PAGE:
Date of Award

Spring 2018

Document Type

Thesis Restricted

Degree Name

Master of Arts (MA)



Committee Chairperson

Eleanor Brown, Ph.D.

Committee Member

Deanne Zotter, Ph.D.

Committee Member

Laura Verrekia, Ph.D.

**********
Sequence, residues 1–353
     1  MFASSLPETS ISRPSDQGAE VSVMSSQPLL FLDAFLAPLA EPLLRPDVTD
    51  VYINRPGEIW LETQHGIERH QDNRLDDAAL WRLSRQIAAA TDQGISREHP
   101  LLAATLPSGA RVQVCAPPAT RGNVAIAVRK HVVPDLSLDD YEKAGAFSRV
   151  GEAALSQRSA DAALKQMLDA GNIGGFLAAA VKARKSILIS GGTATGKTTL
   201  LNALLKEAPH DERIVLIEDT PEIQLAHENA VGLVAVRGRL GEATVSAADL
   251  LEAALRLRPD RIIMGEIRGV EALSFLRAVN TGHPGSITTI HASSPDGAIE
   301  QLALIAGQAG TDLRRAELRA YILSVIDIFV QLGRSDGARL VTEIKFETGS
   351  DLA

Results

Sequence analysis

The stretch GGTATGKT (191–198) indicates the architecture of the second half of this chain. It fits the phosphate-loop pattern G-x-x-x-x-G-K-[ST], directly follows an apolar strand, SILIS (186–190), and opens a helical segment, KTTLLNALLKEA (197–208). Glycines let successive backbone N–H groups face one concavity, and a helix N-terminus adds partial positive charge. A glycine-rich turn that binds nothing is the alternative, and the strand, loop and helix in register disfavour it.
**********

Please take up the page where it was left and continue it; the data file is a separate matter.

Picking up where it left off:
The present study examined infant cortisol levels in relation to the quantity of their crying episodes in daycare. Infants often cry when they are stressed, and their crying indicates a heightened state of physiological arousal. The stress hormone cortisol is an important indicator of physiological arousal, and predicts young children’s social-emotional and cognitive outcomes. Yet few studies have examined the relationship between crying and the stress hormone cortisol, and the present study represents an initial effort to address this gap. Data included 2462 observations nested within 36 infants aged 4 to 28 months who attended a daycare outside of Philadelphia, Pennsylvania, USA. The measures included child salivary cortisol at morning baseline and post-crying episode and an observational checklist of infant cry occurrence and duration. Results of a zero-order correlational analysis showed that, consistent with study hypotheses, child mean baseline cortisol showed a significant, positive correlation with mean post-cry cortisol, and the mean number of cries per day showed a significant, positive correlation with the mean cry duration. Results of hierarchical linear modeling (HLM) that examined within-child relations did not show significant statistical links between baseline cortisol or cry duration and post-cry cortisol. This study offers initial insights into the relations between cortisol and crying for infants in daycare and suggests the importance of further research on this topic.